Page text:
All posts filed under: Postcards from Everyday

A Place of Yearning

Wherever we are, we are always, it seems, in the same place–a place of yearning. Yearning to rest, yearning to work; yearning to be someone better, yearning to do something great. Yearning to be relevant and yearning to be invisible, unburdened. Yearning to finally start, yearning to finish. Yearning to be free and yearning to love. Even in our moments of supreme happiness and contentment, there are flashes of how it could be better if… Exhibit A: I was lying down on my yoga mat on the terrace, sunbathing as I do every morning now (vitamin D vs COVID-19, people), when I heard the determined singing of a bird. I scanned my mother’s plants, then the spots where my two-year-old niece Nami leaves biscuits for her bird friends; I finally found it perched on our metal sliding door–the little sparrow belting out like it was in a karaoke bar. I don’t know if it sensed a human watching but it stopped singing, glanced at me, and flew off. And I laughed at such snotty behavior. …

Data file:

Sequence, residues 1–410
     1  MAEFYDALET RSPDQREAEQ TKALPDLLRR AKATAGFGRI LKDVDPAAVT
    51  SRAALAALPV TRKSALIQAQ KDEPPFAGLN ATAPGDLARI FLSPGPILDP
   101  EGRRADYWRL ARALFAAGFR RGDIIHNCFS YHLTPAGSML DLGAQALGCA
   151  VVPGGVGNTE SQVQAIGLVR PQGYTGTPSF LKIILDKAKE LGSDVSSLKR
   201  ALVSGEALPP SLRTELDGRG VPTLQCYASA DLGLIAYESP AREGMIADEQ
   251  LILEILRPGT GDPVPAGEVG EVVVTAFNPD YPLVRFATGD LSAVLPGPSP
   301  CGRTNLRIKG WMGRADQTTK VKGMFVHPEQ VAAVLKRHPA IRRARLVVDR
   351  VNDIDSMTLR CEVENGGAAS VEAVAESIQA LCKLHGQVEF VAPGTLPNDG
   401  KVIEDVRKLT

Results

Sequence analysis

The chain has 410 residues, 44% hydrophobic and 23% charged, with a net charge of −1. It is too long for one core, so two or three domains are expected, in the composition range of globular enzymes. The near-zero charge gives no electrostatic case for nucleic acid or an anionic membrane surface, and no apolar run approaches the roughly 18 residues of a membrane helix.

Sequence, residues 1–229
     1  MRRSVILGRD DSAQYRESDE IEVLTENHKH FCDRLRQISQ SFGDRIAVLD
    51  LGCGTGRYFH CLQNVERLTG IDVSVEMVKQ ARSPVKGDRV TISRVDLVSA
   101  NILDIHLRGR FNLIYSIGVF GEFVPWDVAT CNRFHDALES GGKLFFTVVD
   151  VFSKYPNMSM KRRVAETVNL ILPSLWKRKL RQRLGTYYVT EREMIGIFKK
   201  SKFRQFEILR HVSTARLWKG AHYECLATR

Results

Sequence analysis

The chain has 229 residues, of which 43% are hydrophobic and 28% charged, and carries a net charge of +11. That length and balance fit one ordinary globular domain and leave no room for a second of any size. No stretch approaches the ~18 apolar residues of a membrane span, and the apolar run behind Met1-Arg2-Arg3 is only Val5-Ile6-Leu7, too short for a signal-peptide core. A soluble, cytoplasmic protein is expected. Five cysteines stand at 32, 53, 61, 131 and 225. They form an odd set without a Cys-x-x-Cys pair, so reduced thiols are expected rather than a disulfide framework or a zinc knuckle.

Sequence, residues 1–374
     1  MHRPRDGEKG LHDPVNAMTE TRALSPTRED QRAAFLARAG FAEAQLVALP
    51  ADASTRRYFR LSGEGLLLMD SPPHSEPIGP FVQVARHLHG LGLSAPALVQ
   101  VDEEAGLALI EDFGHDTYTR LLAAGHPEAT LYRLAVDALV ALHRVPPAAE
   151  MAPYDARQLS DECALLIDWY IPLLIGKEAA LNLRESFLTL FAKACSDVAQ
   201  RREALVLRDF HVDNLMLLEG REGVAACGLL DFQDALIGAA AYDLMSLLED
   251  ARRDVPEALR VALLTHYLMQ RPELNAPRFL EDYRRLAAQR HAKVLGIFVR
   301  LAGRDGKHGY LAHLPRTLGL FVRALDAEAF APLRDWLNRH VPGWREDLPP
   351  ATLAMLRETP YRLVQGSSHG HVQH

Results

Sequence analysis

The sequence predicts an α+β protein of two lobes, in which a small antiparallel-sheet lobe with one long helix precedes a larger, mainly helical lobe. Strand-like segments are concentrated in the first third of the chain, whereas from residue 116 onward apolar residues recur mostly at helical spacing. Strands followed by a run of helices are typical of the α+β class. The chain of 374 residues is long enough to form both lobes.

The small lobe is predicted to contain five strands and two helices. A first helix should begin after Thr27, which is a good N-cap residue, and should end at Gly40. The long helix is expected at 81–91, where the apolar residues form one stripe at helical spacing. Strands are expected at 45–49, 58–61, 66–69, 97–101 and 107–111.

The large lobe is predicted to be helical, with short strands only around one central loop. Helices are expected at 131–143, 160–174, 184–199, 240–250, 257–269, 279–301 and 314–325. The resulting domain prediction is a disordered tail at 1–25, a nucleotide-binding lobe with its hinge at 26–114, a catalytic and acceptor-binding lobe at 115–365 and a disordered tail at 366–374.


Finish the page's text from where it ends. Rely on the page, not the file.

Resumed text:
Lessons from a Lockdown

I’ve been working from home for seven years now, so when the Philippine government announced a month-long community quarantine beginning March 15, my first thought was, “Pfft, I do lockdowns like a pro,” followed by “I’m an introvert; I invented social distancing,” and finally, “We’re going to need a huge supply of food, toiletries and donuts.” Three weeks later, we all know what happened here: 3,018 COVID-19 cases, 136 deaths, and thousands more under investigation or monitoring, many of them dying without even being tested because hey, VIPs first, then their families, and then their staff, right? It has become clear that this new coronavirus is serious (even if many elected officials are not). Health care systems are collapsing even in the most advanced countries; people are losing jobs and losing hope; families don’t get to see or hold loved-ones on their death beds, receiving them only as ashes later on; and tensions are high everywhere, especially on social media. People are beginning to wonder: will this be the new normal? To keep me sane …